11th – 12th September 2004. The Annual Championships took place this year within the Royal Borough of Tunbridge Wells and by kind invitation of Alan Maynard, chairman of the Hawkenbury Allotment Holders Association, (known fondly as the HAHA show). The wonderful thing about this show is the fact that every penny of profit is given to support local charities within the Tunbridge Wells area.
The Annual Championships took place this year within the Royal Borough of Tunbridge Wells and by kind invitation of Alan Maynard, chairman of the Hawkenbury Allotment Holders Association, (known fondly as the HAHA show). The wonderful thing about this show is the fact that every penny of profit is given to support local charities within the Tunbridge Wells area. Through the endeavours of Alan, his wife and family, as well as the never ending support of his committee, £16,000 pounds was donated last year alone and over half a million pounds have been donated over the past 27 years or so.
The entries were slightly down this year but the quality certainly was not with John Branham showing some of the best long carrots that I have probably ever seen. The three New Red Intermediate variety on his winning collection, (which was also awarded the best exhibit in the show) of six kinds of vegetables were superb possessing good colour as well as superb uniformity. Johns other five vegetables were Evening Star celery, Harmony potatoes, Welsh Seedling leek, Kelsae onions, and Gladiator parsnip.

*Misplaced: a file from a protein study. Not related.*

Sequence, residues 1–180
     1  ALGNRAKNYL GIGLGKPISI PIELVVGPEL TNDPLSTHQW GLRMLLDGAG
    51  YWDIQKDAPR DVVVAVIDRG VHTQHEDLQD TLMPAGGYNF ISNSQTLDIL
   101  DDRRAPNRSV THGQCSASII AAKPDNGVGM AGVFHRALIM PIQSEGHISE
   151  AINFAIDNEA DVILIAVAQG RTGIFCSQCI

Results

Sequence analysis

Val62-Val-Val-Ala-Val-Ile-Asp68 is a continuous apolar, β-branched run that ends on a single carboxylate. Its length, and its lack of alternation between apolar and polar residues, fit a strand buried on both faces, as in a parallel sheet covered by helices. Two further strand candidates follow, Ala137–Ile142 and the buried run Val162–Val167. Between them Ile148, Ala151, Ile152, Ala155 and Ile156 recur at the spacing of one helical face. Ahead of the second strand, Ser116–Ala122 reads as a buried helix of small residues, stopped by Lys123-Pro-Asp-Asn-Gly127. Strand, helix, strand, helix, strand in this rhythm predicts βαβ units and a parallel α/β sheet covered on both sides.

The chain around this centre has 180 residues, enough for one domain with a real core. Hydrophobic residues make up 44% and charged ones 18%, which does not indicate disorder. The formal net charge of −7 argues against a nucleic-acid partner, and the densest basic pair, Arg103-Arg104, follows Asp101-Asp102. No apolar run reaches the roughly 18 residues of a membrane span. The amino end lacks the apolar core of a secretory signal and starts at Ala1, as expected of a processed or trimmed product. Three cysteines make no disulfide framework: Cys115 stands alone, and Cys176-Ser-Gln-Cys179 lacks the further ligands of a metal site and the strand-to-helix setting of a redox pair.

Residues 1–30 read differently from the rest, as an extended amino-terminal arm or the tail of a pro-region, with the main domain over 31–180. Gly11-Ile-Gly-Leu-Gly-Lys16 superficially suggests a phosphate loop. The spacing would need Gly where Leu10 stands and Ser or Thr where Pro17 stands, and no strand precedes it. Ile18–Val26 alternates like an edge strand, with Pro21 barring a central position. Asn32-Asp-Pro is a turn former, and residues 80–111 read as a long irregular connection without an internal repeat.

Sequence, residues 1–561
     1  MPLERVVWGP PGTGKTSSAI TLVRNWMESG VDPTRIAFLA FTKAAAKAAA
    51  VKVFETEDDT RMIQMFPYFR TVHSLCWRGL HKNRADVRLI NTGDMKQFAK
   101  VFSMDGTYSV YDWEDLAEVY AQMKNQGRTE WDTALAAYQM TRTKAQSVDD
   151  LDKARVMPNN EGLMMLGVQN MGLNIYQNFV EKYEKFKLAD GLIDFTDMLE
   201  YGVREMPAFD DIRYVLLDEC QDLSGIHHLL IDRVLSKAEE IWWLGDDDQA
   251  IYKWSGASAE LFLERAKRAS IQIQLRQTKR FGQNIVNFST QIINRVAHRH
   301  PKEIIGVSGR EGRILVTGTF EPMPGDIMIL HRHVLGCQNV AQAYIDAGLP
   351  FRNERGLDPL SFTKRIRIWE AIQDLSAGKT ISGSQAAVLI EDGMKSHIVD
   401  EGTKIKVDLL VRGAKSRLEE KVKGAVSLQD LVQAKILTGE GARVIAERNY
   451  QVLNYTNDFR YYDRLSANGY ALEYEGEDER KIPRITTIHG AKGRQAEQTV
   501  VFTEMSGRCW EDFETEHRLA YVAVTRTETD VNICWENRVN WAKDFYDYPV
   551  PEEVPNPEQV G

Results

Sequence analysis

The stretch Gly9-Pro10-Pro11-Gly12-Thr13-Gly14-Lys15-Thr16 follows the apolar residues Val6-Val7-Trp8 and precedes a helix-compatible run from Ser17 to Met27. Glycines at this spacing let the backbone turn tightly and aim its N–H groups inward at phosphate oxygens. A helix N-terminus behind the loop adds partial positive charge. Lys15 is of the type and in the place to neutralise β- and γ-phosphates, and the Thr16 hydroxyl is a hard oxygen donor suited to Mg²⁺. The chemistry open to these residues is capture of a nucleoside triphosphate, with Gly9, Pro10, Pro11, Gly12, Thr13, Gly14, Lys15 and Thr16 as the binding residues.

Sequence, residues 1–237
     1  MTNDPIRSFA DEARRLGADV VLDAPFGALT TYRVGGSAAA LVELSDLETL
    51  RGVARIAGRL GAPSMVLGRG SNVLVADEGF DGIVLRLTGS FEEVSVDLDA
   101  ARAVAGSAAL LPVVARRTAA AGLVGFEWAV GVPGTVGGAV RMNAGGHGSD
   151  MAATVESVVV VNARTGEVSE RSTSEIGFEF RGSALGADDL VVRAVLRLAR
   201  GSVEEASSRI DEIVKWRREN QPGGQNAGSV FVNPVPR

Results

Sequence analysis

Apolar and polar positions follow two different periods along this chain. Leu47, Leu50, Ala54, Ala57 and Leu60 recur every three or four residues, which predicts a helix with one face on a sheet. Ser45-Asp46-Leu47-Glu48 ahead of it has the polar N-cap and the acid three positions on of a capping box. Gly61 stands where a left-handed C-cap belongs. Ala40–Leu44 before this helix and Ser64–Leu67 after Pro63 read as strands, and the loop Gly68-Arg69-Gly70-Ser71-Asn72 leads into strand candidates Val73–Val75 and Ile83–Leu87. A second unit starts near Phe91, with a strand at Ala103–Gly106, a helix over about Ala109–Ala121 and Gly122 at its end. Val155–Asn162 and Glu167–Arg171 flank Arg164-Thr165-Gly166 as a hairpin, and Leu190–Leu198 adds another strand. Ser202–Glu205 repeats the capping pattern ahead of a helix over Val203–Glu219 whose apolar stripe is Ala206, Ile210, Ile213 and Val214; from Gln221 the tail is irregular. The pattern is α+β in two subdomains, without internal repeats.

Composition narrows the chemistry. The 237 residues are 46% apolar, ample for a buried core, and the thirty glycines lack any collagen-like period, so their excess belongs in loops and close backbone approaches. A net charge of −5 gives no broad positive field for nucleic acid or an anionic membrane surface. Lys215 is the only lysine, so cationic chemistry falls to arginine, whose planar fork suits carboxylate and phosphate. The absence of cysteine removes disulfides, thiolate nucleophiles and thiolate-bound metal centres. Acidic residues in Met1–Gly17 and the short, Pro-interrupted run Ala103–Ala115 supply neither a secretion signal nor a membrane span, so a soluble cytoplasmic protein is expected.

There is no better supporter of the National than Trevor Last who has won numerous Firsts over the many years that he has competed. Trevor has recently moved to a new garden and the change of soil certainly helped him win the celery class with three heavy heads of Red Star. The seed was sown at the end of March and the plants were planted out during May. Trevor believes in potting on plenty of plants, usually double the number that he needs to plants out. This allows him to select the strongest and more even plants at every potting on stage. The soil was well manured with horse manure and Nitro Form (a high Nitrogen fertiliser) was raked into the top level of soil at the rate of 2 ounces per M2. The bed is covered overhead with Roklene as well as on the South side, 5 ft above soil level, to prevent the sun from causing problems such as sweating of the heart and possible heart rot. Should Trevor have some dull days the roklene can them be removed in a few minutes.
Andrew Jones certainly had another excellent Championships winning the mini collection of three kinds of twenty pointed vegetables with his Kelsae onions which measured 21 inches around, his five foot six Gladiator parsnips and 4ft six New Red Intermediate long carrots. Andrew believes in giving his parsnips plenty of time to develop to their optimum growth and to achieve this the seed are always sown around the 20th February to give them a long growing season.